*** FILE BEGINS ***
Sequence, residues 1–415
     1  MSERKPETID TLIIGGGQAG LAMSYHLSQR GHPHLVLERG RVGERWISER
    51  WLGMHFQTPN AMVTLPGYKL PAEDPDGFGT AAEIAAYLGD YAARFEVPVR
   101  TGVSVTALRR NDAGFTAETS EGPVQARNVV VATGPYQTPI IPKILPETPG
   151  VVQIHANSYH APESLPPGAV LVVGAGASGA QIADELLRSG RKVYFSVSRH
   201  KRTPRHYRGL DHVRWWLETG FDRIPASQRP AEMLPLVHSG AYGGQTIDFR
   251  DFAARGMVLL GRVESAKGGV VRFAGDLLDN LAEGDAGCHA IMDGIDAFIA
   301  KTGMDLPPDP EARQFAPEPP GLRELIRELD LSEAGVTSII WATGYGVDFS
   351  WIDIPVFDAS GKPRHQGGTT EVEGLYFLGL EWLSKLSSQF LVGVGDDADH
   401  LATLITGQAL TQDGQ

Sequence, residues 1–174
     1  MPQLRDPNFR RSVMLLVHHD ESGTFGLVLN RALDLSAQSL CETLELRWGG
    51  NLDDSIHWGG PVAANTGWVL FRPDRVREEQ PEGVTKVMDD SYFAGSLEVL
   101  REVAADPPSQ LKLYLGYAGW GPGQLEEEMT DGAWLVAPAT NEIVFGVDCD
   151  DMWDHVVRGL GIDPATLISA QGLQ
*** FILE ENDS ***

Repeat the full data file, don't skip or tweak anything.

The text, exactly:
Sequence, residues 1–415
     1  MSERKPETID TLIIGGGQAG LAMSYHLSQR GHPHLVLERG RVGERWISER
    51  WLGMHFQTPN AMVTLPGYKL PAEDPDGFGT AAEIAAYLGD YAARFEVPVR
   101  TGVSVTALRR NDAGFTAETS EGPVQARNVV VATGPYQTPI IPKILPETPG
   151  VVQIHANSYH APESLPPGAV LVVGAGASGA QIADELLRSG RKVYFSVSRH
   201  KRTPRHYRGL DHVRWWLETG FDRIPASQRP AEMLPLVHSG AYGGQTIDFR
   251  DFAARGMVLL GRVESAKGGV VRFAGDLLDN LAEGDAGCHA IMDGIDAFIA
   301  KTGMDLPPDP EARQFAPEPP GLRELIRELD LSEAGVTSII WATGYGVDFS
   351  WIDIPVFDAS GKPRHQGGTT EVEGLYFLGL EWLSKLSSQF LVGVGDDADH
   401  LATLITGQAL TQDGQ

Sequence, residues 1–174
     1  MPQLRDPNFR RSVMLLVHHD ESGTFGLVLN RALDLSAQSL CETLELRWGG
    51  NLDDSIHWGG PVAANTGWVL FRPDRVREEQ PEGVTKVMDD SYFAGSLEVL
   101  REVAADPPSQ LKLYLGYAGW GPGQLEEEMT DGAWLVAPAT NEIVFGVDCD
   151  DMWDHVVRGL GIDPATLISA QGLQ